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Thursday, June 09, 2011
More of a good Sierra thing


High water
It was late this year, but going into the first part of July all signs of summer has finally arrived. Temperatures in the high country have been hitting the 80-degree plus mark and the weatherman says it will only get warmer.

 

The downside is along with the warm weather came the heaviest runoff conditions we’ve seen in the past decade — thanks to this winter’s heavy snow pack. The major impact of the high water is focused mainly in Mono County.

 

Over the bank, water flows have virtually put the brakes on many-favored stream fishing locations. For the past week the weather service has been issuing low land flood warnings for streams from Tom’s Place north to the Nevada State line. We’re not talking scenarios like those in North Dakota, but streamside meadows at some locations resemble small lakes and a good number of off highway roadways are flooded.

 

Some campsite locations are partially flooded. Best advice at this point is to contact the Forest Service for updated information. Check the Forest Service headquarters in Bishop, (760) 873-2400.

 

Even with the high flows, those stream locations where the water remains clear are producing. The problem is access can be limited. I had a friend stop by relating his group located a fairly calm backwater on Rush Creek, and the bite was non-stop. And most area waters remain on the DFG and Alpers stocking schedule.

 

The West Walker River that has been “running wild” for the past two weeks. The Northern Mono County “How Big Is Big” trout derby is up and running for the month of July. However, stocking the trophy size rainbows has been put on hold until conditions improve. Even with the challenging conditions, anglers have been scoring on a scattering of rainbows to around the 2-pound mark.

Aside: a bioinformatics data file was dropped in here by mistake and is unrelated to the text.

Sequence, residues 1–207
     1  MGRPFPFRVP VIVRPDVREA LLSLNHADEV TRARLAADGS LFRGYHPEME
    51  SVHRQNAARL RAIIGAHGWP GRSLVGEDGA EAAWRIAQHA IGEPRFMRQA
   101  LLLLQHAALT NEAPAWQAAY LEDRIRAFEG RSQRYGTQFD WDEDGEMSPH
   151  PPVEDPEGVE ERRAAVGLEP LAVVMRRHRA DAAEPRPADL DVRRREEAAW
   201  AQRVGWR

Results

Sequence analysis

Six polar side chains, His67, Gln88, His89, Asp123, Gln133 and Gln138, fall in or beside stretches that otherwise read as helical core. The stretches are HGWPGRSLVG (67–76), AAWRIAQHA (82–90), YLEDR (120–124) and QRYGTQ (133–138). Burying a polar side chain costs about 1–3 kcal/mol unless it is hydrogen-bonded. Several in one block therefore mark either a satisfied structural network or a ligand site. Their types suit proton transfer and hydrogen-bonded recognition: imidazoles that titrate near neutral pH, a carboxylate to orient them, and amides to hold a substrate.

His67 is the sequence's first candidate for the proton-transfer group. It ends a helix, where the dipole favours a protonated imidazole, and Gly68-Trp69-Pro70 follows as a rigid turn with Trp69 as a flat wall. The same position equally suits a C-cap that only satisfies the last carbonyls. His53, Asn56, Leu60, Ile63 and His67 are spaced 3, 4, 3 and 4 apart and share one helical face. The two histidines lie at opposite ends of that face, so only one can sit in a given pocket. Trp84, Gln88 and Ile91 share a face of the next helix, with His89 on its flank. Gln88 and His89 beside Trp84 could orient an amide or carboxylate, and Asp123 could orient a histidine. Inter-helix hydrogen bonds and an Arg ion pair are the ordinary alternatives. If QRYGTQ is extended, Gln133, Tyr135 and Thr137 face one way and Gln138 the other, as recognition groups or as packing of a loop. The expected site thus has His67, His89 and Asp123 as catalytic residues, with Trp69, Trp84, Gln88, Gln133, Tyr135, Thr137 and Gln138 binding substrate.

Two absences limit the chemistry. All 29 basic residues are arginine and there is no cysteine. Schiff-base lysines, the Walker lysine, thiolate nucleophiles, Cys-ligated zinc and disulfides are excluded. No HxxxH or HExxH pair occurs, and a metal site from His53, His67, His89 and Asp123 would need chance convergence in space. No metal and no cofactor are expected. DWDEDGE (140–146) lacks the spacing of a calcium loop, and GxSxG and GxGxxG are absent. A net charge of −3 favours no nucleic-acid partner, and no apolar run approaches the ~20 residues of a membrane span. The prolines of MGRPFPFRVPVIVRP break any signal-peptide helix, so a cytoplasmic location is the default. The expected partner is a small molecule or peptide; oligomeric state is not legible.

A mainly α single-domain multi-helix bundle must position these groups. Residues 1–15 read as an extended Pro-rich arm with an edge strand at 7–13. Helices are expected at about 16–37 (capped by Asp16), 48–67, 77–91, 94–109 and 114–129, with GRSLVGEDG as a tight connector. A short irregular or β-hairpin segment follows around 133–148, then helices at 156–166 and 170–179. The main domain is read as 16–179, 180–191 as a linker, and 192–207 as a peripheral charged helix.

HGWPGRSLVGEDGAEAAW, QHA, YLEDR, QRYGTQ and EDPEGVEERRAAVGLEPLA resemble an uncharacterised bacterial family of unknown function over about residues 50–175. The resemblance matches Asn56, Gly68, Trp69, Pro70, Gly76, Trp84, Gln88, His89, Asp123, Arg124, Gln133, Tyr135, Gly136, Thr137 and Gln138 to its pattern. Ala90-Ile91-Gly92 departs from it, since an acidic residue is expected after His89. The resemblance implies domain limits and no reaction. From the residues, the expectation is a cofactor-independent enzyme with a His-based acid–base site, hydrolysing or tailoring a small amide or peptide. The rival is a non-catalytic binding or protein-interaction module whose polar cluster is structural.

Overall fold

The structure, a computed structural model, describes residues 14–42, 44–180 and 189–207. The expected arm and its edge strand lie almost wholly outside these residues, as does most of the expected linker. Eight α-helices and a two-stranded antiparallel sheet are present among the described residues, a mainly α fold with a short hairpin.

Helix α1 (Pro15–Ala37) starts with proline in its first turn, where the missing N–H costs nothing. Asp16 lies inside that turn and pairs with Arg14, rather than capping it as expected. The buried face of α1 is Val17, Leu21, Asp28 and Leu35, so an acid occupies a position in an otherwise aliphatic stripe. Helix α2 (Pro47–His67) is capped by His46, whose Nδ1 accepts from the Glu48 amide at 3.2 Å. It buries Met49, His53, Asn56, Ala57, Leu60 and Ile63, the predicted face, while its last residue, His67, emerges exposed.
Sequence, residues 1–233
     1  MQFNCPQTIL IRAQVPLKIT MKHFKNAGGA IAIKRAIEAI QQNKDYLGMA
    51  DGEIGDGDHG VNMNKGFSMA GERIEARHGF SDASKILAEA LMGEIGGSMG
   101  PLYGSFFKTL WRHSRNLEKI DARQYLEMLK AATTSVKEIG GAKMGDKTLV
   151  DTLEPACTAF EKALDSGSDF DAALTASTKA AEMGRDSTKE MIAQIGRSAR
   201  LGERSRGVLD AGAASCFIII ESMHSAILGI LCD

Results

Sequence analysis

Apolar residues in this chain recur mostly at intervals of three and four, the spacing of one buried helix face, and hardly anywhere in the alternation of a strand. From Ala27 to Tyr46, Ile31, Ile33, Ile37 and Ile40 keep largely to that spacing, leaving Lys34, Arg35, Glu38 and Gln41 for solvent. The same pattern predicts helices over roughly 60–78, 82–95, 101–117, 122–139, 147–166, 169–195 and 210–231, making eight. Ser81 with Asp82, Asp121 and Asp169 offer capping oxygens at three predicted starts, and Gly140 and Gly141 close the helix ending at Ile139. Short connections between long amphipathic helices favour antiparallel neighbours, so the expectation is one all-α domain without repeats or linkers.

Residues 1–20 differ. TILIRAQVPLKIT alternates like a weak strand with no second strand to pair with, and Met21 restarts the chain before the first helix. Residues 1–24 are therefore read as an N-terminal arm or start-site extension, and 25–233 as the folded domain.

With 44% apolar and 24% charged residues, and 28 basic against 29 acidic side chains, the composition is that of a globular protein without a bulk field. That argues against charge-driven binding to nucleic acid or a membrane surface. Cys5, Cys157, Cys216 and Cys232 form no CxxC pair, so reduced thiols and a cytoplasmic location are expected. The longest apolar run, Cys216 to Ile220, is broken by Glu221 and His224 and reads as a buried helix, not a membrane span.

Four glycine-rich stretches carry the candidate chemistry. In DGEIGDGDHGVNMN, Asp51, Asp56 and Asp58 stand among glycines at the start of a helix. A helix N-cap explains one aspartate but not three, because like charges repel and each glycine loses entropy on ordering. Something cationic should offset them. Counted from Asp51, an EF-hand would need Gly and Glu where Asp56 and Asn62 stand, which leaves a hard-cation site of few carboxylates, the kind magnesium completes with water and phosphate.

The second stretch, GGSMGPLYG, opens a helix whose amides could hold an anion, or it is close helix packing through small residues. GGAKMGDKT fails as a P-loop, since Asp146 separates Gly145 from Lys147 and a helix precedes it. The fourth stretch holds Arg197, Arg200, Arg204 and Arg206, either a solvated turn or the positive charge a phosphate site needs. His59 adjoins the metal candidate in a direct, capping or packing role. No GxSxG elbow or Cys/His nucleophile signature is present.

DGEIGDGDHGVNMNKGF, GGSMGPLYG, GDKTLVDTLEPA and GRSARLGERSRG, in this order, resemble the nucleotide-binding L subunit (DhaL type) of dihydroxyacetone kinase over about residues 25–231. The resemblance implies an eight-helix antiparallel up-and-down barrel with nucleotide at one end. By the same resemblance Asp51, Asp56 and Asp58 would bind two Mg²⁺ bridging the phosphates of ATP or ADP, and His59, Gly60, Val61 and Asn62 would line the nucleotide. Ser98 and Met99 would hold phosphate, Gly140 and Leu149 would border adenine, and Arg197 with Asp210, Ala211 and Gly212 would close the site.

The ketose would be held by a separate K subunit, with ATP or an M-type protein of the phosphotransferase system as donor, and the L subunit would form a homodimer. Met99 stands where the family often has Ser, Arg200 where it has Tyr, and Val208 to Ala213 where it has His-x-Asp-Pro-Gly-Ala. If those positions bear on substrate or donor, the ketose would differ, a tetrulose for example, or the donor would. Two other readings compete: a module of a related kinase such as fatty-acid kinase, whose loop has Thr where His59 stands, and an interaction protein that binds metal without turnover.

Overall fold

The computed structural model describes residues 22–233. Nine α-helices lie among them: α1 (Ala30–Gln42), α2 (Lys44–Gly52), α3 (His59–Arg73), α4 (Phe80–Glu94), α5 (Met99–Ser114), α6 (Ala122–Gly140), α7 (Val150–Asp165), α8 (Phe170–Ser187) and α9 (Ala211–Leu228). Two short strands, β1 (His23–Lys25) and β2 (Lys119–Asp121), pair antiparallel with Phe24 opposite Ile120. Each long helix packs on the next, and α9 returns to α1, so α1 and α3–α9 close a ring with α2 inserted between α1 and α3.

The influx of snow melt water has impacted many reservoirs and lakes, making the catching a bit more challenging, but waters continue to produce — the trout are there but conditions have changed.

 

It boils down to many anglers looking for a quick limit from their past favorite hole are having a hard time. Those with the patience to spend a day on the water are scoring once they locate the fish. Area lakes at this point are the best bet for filling a stringer.

 

On the up side, predictions are the runoff flood conditions will hopefully peak in about a week and then slowly recede. This equates to a major upswing on the angling scene towards the middle of July with outstanding conditions for late summer and fall months right up to closing day. For an updated hourly report contact the National Weather Service www.wrh.noaa.gov/rev.

 

On a different subject, kudos go out the Southwest Federation Of Fly Fishermen. The organization spearheaded a recent project focused on a continuing malady in the high country — trash. The target was the Silver Lake area in the June Lake Loop and downstream Rush Creek. Nine fly fishing organizations along with 38 volunteers spent a day gathering remnants of human occupancy ranging from a vehicle hood to monofilament line and just about everything in between. The compensation for their efforts was a barbeque hosted by Silver Lake Resort.

 

Federation President Michael Schweit pointed out there is a good possibility the East Walker River may be next on the agenda. In reality, it’s unfortunate projects of this nature are necessary to preserve the wild nature of the high country — unlike what’s encountered on many streams in the urban areas.

 

trash by the

TRASH BY THE tonnage was removed from the shores of Silver Lake and Rush Creek thanks to the efforts spearheaded by the Southwest Federation of Fly Fishermen along with nine additional fly fishing organizations. SOUTHWEST FEDERATION OF FLY FISHERMEN PHOTO

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